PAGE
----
Kinika Armstrong is the founder and financial coach of Essence of Finance (@essenceoffinance). She is a certified financial education instructor. She is also a law student. After her studies led her to some alarming statistics about the saving habits of millennials, Kinika started fiercely sharing information and tips with her friends and family to help them to improve their circumstances and save for their goals. Through her business, she pursues her passion for helping millennial women manage their money!
Joy Hearn is an extreme saver to who specializes in helping people save money. Her formula is simple: spend less, save more.  In 2017 she created Cards and Clips, a Facebook page that gives weekly tips educating people on how to slash their grocery bill in half by 50 percent or more. Soon afterward she began sharing tips on how to save not only on groceries but on anything. She currently resides in Los Angeles, California.
Five years ago, Phoebe Howlett was diagnosed with illnesses that made her so ill, they said she would never be able to recover to lead a normal life again. However, she completely changed her lifestyle, diet, exercise, and attitude to life—and with these changes came her recovery. She now wants to show that everyone can make the most of their life, creating The Chance of Choice.
Kristen aka Mom Managing Chaos is frugal living and budgeting enthusiast. She lives for spreadsheets and list making. She started Mom Managing Chaos back in early 2018 with a passion for helping others simply and organize their life and finances so they can spend time living, not simply surviving.
Shelley Meche’tte (@ShelleyMechette) is a Certified Life Purpose Coach, Speaker and Women’s Change Agent, dedicated to the empowerment of women through strategized personal and professional development.  She is the author of 70 Days of Happy: Life is BETTER When You Smile and the founder of the organization The PowHERful Woman. Shelley has been featured in Ask Men, Great Work Life, UpJourney and more. She has also been seen on The Chundria Show and The YES! Show.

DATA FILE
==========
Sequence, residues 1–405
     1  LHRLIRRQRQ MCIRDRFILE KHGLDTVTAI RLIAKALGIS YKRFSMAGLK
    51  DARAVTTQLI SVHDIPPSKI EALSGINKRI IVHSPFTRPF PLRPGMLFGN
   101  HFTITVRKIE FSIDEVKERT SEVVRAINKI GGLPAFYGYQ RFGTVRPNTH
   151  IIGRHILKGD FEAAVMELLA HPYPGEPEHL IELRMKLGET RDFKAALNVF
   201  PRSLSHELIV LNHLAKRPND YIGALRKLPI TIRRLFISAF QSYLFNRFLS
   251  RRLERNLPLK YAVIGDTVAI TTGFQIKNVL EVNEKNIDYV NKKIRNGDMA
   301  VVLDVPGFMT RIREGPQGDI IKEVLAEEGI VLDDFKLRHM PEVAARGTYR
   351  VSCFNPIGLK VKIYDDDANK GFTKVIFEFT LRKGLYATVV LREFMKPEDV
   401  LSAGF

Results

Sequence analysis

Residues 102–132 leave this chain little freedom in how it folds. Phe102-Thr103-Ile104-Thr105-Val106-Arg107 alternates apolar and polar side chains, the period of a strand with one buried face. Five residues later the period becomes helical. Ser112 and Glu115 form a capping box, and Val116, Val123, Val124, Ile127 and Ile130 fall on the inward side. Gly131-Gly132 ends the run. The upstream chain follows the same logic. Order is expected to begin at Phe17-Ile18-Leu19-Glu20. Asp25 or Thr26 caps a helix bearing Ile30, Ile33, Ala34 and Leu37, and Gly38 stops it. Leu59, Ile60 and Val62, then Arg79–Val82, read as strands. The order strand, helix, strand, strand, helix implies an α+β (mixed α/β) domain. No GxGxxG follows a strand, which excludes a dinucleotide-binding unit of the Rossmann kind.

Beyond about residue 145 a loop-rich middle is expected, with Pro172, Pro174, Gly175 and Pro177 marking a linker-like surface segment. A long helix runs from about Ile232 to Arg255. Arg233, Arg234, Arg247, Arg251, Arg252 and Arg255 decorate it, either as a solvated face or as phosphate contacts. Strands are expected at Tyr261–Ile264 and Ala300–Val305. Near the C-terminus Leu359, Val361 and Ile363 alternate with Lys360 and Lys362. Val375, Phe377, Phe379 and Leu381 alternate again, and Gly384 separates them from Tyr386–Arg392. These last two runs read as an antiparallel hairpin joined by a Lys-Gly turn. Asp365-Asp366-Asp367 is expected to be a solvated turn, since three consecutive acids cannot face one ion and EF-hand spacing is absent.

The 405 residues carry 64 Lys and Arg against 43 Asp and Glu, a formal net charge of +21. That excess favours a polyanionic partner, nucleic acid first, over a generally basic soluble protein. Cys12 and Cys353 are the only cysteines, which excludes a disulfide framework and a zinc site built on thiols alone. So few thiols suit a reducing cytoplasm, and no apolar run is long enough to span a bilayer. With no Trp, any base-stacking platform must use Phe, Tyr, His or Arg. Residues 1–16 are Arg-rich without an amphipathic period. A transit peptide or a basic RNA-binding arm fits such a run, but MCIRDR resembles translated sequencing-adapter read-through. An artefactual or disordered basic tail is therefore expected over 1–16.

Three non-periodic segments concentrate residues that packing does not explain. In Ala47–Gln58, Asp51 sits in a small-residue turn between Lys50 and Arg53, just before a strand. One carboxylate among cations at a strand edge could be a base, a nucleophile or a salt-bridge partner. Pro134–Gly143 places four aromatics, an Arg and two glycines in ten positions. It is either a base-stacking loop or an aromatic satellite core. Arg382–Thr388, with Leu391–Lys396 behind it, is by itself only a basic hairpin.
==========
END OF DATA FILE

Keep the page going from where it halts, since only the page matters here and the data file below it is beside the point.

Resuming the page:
Ben Watson, CPA is the virtual CFO of DollarSprout.com (@DollarSprout) and founder of Fiscal Fluency, a personal finance and business coaching company. He equips small businesses and entrepreneurs with the skills and accountability to manage their businesses with confidence rather than fear. He’s also the co-creator of the Business Launch Kit—an online course with simple to follow steps of how to create your own business without making a mess.
Andrea Woroch is a nationally-recognized consumer-savings expert, writer, and TV personality who is dedicated to helping Americans find simple ways to spend less and save more without sacrificing their lifestyle. She is a regularly-featured contributor for popular shows like Today, Good Morning America, FOX & Friends, and KTLA Morning News. In print and online, her advice has appeared in popular media such as New York Times, USA Today, Money Magazine, Cosmopolitan, People, Consumer Reports, Reader’s Digest and many, many more. Read more about Andrea at AndreaWoroch.com or follow her on Twitter.